Seeds of Peace: Vol. 30, No. 1, January-April, 2557
By Sulak Sivaraksa
I came to know Sombath Somphone when he was a student in Honolulu, Hawaii. He became friends with several good Americans who were Quakers. The Quakers are members of what is collectively and officially known as The Religious Society of Friends. They dedicate their lives according to religious teachings. Like Buddhists, Quakers place great importance on having kalyanamitta and have confidence in progressive than most Buddhists. They courageously and creatively express their dissent and challenge the government and state in both speech and action.
I understand that Sombath’s Quaker friends influenced him to work for social justice through nonviolence. After the victory of the Communist Party in Laos, many Laotians, especially from the upper-classes, fled the county in waves. But Sombath chose to return to Laos to work in the development of his country. Because he was deft and cautious, Sombath has had a modicum of freedom in pursuing development work. He eventually established the Participatory Development Training Center (PADETC).
PADETC collaborates with many other organizations, including monks. Sombath has maintained good working-relations with state officials at all levels. This is crucial for his work. It has also enabled him to deepen and expand his activities throughout the country. As such, in 2005 Sombath was awarded the Ramon Magsaysay Award for Community Leadership.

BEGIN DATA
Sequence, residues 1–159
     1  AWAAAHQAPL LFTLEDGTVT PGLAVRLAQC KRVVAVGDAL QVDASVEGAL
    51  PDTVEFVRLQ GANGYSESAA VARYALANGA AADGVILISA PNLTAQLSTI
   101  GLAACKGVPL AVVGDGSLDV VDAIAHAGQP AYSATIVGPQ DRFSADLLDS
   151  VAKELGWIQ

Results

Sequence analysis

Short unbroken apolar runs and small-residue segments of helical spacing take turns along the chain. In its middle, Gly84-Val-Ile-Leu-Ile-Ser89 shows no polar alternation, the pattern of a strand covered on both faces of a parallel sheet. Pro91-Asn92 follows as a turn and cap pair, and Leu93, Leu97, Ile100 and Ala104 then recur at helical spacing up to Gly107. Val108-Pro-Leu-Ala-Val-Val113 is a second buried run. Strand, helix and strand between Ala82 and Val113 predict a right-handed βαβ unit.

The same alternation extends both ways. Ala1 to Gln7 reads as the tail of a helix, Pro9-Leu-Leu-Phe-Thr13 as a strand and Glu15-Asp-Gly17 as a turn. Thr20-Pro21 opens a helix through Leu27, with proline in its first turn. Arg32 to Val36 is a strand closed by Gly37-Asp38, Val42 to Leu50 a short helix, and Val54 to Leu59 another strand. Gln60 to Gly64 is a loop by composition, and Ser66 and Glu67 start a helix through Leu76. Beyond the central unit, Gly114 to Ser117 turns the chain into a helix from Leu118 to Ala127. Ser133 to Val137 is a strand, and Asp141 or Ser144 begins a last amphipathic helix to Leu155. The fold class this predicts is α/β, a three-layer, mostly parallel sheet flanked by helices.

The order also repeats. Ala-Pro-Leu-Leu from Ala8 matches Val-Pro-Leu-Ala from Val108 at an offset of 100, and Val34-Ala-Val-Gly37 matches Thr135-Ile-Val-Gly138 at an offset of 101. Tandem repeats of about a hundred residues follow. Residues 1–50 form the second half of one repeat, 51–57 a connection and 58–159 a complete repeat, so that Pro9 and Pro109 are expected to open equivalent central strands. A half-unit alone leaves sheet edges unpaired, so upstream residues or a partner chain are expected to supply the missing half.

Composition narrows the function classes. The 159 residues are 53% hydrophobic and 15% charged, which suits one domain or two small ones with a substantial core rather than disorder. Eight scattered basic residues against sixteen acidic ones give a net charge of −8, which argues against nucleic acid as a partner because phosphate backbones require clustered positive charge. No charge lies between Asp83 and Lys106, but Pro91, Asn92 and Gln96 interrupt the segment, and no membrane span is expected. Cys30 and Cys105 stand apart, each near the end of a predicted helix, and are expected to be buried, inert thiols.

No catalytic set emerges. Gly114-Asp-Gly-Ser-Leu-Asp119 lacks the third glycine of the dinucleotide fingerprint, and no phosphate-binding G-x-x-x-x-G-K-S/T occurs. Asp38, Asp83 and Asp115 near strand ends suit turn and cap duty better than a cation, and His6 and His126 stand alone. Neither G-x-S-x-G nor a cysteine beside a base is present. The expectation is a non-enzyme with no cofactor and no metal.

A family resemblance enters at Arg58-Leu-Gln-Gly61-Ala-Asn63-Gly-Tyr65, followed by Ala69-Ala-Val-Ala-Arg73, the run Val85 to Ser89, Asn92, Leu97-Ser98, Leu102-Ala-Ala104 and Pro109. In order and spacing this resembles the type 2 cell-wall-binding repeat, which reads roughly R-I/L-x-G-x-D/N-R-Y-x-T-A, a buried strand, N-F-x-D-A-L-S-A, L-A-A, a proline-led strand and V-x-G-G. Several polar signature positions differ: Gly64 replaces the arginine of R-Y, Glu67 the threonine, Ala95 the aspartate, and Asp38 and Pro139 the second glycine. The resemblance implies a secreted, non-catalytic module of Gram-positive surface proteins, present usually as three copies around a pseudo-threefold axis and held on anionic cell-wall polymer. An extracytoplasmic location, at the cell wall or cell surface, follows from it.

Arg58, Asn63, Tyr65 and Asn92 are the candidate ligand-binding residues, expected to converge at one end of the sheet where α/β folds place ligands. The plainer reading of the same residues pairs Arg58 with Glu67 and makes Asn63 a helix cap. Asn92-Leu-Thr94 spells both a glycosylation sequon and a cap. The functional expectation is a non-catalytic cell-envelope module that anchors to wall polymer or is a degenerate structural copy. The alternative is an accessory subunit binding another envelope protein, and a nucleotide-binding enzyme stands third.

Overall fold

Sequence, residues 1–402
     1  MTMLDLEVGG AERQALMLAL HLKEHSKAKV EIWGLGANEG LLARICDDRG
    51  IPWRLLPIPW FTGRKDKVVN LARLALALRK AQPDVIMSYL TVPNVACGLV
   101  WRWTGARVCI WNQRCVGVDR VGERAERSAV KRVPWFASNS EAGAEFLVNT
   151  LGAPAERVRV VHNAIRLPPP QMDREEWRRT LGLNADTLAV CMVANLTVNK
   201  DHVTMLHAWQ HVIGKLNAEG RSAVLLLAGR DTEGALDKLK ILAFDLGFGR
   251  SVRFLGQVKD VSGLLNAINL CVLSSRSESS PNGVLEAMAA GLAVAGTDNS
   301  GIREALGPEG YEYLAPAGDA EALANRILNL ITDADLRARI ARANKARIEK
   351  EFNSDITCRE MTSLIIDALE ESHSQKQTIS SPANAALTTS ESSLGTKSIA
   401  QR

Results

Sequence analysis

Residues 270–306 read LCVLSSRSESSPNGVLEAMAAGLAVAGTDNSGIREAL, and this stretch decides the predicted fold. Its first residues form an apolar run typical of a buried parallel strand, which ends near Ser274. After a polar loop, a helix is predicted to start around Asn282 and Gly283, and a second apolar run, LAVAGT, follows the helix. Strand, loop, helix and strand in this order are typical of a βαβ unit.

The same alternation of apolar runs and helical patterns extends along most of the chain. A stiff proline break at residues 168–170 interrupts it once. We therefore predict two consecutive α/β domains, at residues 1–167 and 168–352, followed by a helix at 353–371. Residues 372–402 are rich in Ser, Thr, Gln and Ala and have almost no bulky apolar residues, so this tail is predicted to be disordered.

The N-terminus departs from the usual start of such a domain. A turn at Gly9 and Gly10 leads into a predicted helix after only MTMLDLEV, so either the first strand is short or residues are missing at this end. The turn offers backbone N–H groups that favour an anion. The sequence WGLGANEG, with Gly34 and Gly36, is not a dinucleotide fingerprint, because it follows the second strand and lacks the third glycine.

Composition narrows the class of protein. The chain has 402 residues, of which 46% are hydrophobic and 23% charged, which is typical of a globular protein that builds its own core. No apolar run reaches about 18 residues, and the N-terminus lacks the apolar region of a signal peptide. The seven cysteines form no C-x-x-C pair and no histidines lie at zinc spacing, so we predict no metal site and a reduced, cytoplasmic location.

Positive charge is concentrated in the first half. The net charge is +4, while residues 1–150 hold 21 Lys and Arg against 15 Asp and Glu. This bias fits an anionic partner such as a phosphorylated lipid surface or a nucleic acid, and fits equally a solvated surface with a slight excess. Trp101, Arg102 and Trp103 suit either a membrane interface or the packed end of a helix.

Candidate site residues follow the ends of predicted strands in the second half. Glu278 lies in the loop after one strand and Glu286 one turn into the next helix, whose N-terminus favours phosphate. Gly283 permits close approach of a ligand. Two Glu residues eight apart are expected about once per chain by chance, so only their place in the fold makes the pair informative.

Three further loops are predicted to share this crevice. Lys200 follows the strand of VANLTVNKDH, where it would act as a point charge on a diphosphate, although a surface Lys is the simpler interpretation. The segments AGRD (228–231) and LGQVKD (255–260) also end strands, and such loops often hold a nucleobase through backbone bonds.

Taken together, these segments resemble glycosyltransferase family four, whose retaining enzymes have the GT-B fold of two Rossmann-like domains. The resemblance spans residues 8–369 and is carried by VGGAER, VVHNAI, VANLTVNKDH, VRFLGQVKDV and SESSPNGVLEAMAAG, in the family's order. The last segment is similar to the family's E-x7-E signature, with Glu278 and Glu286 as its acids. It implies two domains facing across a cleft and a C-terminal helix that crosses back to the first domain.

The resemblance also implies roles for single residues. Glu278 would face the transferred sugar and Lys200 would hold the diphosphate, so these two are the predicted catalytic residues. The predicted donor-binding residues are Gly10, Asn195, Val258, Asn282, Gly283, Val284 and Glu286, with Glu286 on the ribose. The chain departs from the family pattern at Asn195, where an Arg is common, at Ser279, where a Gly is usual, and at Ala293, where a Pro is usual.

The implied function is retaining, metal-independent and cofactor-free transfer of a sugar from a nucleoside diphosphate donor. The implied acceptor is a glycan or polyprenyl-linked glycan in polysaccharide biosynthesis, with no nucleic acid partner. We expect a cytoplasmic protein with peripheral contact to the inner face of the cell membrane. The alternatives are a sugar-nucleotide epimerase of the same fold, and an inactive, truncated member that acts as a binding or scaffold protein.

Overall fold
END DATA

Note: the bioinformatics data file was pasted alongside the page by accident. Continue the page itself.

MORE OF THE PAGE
Sombath has a good wife. She is a Singaporean who is highly capable and has extensive international experience. She understands well Sombath and the nature of his work. Sombath hs found a true life partner in her. Also, Sombath has good colleagues, especially from the younger generation, Laotians as well has foreigners. He has played an important role in alternative development and education not only in Laos but also in Burma and Bhutan. I have worked with Sombath through the International Network of Engaged Buddhists as well as the Gross National Happiness project. I consider him to be an important kalyanamitta from Laos. We meet regularly. We talk. We travel together. The last time I saw Sombath we were in Burma to discuss work with our Burmese friends. It took place at a restaurant in Mandalay on 10 December 2012. He then returned to Vientiane, and mysteriously disappeared on 15 December 2012.
A trustworthy source in Laos informed me that the Lao state (Communist Party or military) had mistakenly abducted Sombath. They can’t release him now, fearing a loss of face. I was told that Sombath is still alive and is being held at an undisclosed place. The Party had done this before to several members of the Luang Prang royal family. Some of them were even sent to reeducation camp. At the same time, another source suggested that Sombath was killed on the very first day of his abduction. The murderer was even named in this source. So which version is to be believed?
I believe that many leading figures in the Communist Party and the military are not brutal and that they are still guided by the Dhamma. They will release Sombath (or turn a blind eye to his escape) when they are able to find a good pretext. This will be be good for Laos’s credibility. I am sure that if released Sombath and his wife will not press charges against the Communist Party. They are willing to leave the country and spend the remaining years of their lives in solitude because Sombath has been socially engaged not to gain wealth and fame but out of selflessness and genuine concern about social justice.